On top of that, attacking foreigners for capitalism's evils is chauvinist poison. John Sweeney and the other union bureaucrats, along with the China-bashing liberals, are opening the door to reactionaries like Pat Buchanan and his "Fortress America" demagogy and racist hysteria.
One group, the Campaign for Labor Rights, gives protectionism a radical cover by claiming that "China's entry into the WTO would weaken the hand of workers around the world (including workers in China) and strengthen the hand of corporations." And indeed it might. But accommodating to the campaign of a wing of U.S. capitalists and their labor collaborators to demonize China really means aiding an imperialist effort to impose even tougher trade conditions. That weakens China's workers far more.
We in the League for the Revolutionary Party (LRP) are under no illusion that China's Stalinist regime is in any way "socialist"; genuine socialism means that state power has been taken by the working class. China's economic system is statified capitalism; its rulers enforce a particularly vicious super-exploitation -- for their own benefit and for that of the imperialists, many of them American, who invest in China.
No wonder Chinese workers have protested in massive numbers against Beijing's expanding privatization of state-owned companies, which wipes out housing and other benefits linked to state jobs. Just this February, 20,000 miners who were fired from their jobs in China's industrial northeast blocked roads, smashed windows, burned cars and fought with armed police for days -- a protest that ended only when the People's Liberation Army was brought in.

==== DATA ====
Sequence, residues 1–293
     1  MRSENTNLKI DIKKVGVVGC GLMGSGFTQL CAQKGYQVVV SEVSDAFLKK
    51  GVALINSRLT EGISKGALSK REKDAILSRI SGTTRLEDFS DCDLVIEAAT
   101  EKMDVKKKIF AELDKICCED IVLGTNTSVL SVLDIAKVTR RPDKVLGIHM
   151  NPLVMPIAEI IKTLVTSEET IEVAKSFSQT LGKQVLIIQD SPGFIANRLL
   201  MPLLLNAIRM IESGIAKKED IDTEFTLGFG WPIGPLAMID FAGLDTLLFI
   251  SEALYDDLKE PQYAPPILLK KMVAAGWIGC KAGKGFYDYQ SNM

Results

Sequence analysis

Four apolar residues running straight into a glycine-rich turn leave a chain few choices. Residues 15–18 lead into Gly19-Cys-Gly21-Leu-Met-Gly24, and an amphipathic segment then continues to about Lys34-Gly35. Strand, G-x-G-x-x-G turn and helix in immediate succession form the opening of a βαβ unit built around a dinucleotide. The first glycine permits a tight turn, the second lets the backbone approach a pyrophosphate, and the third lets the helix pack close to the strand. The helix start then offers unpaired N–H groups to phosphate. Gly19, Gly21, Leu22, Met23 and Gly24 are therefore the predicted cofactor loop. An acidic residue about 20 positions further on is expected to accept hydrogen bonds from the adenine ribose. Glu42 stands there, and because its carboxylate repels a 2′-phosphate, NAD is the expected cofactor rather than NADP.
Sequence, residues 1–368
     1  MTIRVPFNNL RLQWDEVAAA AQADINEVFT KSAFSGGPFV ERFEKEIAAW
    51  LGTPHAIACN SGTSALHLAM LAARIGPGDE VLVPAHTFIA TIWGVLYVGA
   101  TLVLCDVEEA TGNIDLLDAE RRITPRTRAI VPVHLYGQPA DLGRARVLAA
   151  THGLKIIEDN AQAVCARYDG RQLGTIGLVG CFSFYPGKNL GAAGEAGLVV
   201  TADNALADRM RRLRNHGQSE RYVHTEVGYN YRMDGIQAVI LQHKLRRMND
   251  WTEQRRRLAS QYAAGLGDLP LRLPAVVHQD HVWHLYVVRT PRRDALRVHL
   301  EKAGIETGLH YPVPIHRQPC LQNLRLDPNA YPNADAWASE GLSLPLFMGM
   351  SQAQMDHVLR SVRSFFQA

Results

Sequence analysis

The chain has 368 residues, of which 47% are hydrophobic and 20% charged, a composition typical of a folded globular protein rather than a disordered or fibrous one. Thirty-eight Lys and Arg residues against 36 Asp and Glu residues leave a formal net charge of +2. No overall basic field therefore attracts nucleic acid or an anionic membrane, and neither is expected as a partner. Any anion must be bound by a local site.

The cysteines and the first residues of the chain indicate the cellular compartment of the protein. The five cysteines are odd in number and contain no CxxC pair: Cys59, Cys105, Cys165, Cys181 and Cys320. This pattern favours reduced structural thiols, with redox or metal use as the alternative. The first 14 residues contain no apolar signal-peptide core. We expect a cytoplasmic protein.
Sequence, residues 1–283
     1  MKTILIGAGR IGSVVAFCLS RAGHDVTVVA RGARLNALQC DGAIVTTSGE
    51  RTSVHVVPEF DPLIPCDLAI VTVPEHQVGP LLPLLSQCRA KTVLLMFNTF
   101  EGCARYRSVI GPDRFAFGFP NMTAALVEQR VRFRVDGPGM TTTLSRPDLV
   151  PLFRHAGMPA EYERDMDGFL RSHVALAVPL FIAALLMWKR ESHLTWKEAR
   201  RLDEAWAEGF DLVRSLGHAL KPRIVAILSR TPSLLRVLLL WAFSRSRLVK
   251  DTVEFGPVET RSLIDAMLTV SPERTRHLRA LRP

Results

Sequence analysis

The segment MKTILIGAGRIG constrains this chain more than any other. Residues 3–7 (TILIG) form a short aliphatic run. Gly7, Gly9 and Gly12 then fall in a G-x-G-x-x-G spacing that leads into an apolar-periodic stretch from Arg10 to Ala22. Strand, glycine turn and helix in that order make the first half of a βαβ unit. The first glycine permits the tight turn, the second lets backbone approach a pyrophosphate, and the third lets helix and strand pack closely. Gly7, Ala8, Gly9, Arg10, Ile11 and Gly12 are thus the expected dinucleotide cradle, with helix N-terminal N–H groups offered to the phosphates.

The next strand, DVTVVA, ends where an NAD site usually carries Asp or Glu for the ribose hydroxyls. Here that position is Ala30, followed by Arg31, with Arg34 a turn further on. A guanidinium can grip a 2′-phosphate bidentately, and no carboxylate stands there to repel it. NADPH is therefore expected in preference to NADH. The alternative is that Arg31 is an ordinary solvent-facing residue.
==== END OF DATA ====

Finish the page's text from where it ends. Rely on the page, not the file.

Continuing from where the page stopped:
According to the London Financial Times (April 3):
Instances of industrial unrest have been increasing in recent years as the government of Zhu Rongji, China's hard-driving premier, attempts to accelerate the restructuring of inefficient state-owned enterprises. All across the northeast of the country there are regular reports of demonstrations by retired workers, unable to draw their pensions, and the jobless, protesting at the lack of welfare.
In brief, just what the IMF ordered. As Polish workers facing a Stalinist regime did in the 1980's, Chinese workers are defending their gains embodied in nationalized property against the anti-worker state trying to impose even harsher bourgeois rule. It is the Chinese workers who are the allies of workers everywhere -- not the U.S. politicians and capitalists whom the AFL-CIO is pressing to punish China.
The bureaucrats have been granted a leading role in the April demonstrations. This means that Democratic politicians as well as union bureaucrats will be featured speakers and that bashing China will be a prominent theme. The U.S.-chauvinist program spearheaded by the "Sweeney-Greenie" alliance aids the criminal bourgeois campaign to racially divide the international working-class struggle.